No, that's not a typo. In total contrast to what common stupidity... ah, I mean wisdom still says, eating more frequently will not decrease your hunger, and avoid the metabolic shut-down you'll experience on every energy restricted diet, sooner or later - on the contrary!

Figure 2: The difference may not reach statistical significance, but it should be pronounced enough to lie all myths about the "metabolically activating effects of frequent meals" at rest - wtf, look at the data: Never eating to satiety is the starvation signal - and not fasting for a couple of hours per day (Kahleova. 2014).
What eating frequent small meals really does do the average lifestyle diabetic is:
  • leave him hungry even right after meals
  • elevate plasma glucagon ("hunger"-hormone) and thus increase the conversion of glycogen back to glucose
  • have his thoughts revolve around food 24/7
Similar effects with less detrimental health effects have been reported for healthy individuals as well. So that I would suggest to extend the authors' conclusion that "[t]hese results suggest that, for type 2 diabetic patients on a calorie-restricted diet, eating larger breakfasts and lunches may be more beneficial than six smaller meals during the day," (from the press release) from the average lifestyle diabetic to everyone w/ a couple of extra pounds who is trying to shed weight... The very lean athlete, on the other hand, has so little body fat to draw on and may in fact be better off with more frequent meals.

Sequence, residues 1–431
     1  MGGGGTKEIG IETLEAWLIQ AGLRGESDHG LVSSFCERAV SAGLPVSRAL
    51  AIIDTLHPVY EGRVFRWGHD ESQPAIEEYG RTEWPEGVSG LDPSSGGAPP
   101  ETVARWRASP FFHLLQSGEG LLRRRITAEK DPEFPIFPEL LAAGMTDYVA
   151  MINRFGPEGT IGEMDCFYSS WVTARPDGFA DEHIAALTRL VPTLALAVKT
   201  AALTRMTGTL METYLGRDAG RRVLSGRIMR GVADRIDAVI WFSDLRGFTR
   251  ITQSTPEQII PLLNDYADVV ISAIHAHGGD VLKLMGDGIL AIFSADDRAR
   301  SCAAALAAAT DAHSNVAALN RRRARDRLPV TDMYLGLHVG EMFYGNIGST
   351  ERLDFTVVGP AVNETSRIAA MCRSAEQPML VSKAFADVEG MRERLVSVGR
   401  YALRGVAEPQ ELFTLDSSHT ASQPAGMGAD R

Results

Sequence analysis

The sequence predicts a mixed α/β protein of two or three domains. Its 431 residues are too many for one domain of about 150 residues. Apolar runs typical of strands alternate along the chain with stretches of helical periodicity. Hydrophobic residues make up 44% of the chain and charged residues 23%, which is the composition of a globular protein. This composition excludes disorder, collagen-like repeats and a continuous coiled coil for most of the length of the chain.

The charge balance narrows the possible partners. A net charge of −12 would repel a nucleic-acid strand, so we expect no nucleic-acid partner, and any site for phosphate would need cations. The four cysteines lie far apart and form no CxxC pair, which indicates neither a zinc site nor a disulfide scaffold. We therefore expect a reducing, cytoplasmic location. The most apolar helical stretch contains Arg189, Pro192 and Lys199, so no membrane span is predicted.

Bottom Line: This is not the first study that's questioning the general suggestion to eat more frequently to ward off and battle diabesity and I can guarantee it's neither going to be the last one.

Needless to say, snacking is a no-go as well, right? Read for yourself!
What I can guarantee, as well, though, is that it's not going to change the textbook- instead of evidence-based approach most doctors and dietitians are following. For these findings to finally make it into the day-to-day business of those people who are "dealing" with, but obviously not healing type II diabetics, it will take at least one generation of doctors and dietitians and two generations of their patients who may be paying for the delays with their lives. Lives that could have been saved if doctors and dietitians gave better advise and the patients had the guts to follow it.

Addendum: In view of warranted questions about contradictions to previous articles, I would like to point out that we are talking about a weight loss scenario with restricted energy intake, here. Not! An ad libitum diet, where eating "as often as you like", even if that may be eight times per day will help those of you who have not already ruined their "hunger gauge" (I am talking about "HUNGER" as in "NOT APPETITE") to stay lean / make lean gains. For someone whose primary goal is weight loss, I have always pointed to "intermittent fasting" (=low meal frequency) as a very feasible way to cut calories and lose weight - it does not work for everyone, though.
  • Kahleova, et al. "Eating two larger meals a day (breakfast and lunch) is more effective than six smaller meals in a reduced-energy regimen for patients with type 2 diabetes: a randomised crossover study." Diabetologia (2014). Ahead of print.